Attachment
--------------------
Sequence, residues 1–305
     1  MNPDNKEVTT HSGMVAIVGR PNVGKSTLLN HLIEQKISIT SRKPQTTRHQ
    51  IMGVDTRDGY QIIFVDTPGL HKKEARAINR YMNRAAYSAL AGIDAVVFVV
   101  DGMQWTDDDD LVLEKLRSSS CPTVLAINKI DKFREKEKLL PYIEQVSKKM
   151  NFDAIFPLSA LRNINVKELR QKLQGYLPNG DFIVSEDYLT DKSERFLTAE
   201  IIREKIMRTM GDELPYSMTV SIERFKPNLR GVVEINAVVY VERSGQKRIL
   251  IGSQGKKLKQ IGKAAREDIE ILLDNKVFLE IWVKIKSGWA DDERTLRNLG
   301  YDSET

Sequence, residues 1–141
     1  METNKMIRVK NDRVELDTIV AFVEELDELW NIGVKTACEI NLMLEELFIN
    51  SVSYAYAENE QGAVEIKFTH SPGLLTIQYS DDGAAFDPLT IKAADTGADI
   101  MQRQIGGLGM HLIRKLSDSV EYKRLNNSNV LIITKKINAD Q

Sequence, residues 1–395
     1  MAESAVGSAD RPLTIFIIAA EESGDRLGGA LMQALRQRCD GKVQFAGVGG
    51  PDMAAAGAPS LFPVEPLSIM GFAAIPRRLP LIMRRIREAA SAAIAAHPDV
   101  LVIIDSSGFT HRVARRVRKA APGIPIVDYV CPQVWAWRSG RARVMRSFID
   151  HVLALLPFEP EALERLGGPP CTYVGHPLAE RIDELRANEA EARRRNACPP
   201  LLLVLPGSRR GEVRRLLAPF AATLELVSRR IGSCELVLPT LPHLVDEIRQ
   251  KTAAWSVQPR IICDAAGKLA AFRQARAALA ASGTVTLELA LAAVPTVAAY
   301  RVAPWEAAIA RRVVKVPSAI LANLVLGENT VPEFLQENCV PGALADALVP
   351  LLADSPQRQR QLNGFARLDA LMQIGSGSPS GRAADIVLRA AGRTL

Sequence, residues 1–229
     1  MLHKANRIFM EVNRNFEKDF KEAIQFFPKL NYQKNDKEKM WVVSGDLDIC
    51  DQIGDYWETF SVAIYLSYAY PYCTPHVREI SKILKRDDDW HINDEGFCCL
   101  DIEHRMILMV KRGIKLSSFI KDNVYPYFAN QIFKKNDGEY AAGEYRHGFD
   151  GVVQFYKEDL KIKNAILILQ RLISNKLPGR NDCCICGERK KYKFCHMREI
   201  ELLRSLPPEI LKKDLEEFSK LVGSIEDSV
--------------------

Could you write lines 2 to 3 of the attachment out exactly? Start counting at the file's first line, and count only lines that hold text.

     1  MNPDNKEVTT HSGMVAIVGR PNVGKSTLLN HLIEQKISIT SRKPQTTRHQ
    51  IMGVDTRDGY QIIFVDTPGL HKKEARAINR YMNRAAYSAL AGIDAVVFVV